Acute rhabdomyolysis as a complication of cytarabine chemotherapy for acute myeloid leukemia: case report and review of literature

Am J Hematol. 2002 Aug;70(4):320-3. doi: 10.1002/ajh.10152.


Rhabdomyolysis is an unusual complication of chemotherapy that can lead to substantial morbidity through such complications as renal failure, infections, and disseminated intravascular coagulation. The syndrome has been described after treatment with cyclophosphamide, 5-azacytidine, interleukin-2, and interferon and after bone marrow transplantation. We report a patient with acute myeloid leukemia who developed fulminant rhabdomyolysis after treatment with a cytarabine-containing regimen. The syndrome was complicated by acute renal failure requiring hemodyalisis, respiratory insufficiency, and pancreatitis. We suggest that the muscle damage might be related to the known ability of cytarabine to trigger the release of cytochrome c from the mitochondria, which could lead to uncoupling of the oxidative phosphorylation with subsequent depletion of ATP reserves at the skeletal muscle and rhabdomyolysis.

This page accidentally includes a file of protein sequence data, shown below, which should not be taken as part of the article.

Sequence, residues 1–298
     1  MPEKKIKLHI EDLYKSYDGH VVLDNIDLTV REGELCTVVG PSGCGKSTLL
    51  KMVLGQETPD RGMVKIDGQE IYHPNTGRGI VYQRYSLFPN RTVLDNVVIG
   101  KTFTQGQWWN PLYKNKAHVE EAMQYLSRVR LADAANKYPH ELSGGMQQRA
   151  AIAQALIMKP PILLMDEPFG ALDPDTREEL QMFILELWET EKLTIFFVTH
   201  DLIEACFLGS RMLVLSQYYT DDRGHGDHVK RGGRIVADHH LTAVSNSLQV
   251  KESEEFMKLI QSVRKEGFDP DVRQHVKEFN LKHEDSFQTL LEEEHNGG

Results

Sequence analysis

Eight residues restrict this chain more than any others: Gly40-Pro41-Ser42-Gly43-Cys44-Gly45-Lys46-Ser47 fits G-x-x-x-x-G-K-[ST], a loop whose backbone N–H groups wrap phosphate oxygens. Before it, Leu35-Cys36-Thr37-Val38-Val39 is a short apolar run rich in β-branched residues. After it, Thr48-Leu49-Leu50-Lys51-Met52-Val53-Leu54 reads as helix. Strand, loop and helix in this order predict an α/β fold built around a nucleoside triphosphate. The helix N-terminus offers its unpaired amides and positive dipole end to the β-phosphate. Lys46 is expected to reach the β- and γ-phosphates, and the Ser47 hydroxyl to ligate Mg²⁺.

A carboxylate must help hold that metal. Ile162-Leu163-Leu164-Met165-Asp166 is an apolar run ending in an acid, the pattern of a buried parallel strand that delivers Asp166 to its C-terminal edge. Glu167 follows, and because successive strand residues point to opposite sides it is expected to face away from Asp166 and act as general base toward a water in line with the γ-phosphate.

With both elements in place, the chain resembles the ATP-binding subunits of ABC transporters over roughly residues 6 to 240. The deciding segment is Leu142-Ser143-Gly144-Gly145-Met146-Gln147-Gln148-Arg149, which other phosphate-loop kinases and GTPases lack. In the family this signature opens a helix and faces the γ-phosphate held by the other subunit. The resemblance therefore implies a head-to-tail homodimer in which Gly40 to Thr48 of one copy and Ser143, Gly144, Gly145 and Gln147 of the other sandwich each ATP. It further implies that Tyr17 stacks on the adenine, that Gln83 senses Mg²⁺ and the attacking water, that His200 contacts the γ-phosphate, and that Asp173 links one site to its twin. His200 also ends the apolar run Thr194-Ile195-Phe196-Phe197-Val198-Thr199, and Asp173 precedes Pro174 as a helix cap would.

Publication types

  • Review

MeSH terms

  • Acute Disease
  • Acute Kidney Injury / etiology
  • Apoptosis / drug effects
  • Cytarabine / administration & dosage
  • Cytarabine / adverse effects*
  • Humans
  • Leukemia, Myelomonocytic, Acute / complications
  • Leukemia, Myelomonocytic, Acute / drug therapy*
  • Male
  • Middle Aged
  • Pancreatitis / etiology
  • Respiratory Insufficiency / etiology
  • Rhabdomyolysis / chemically induced*
  • Rhabdomyolysis / drug therapy
  • Rhabdomyolysis / etiology
  • Treatment Outcome


  • Cytarabine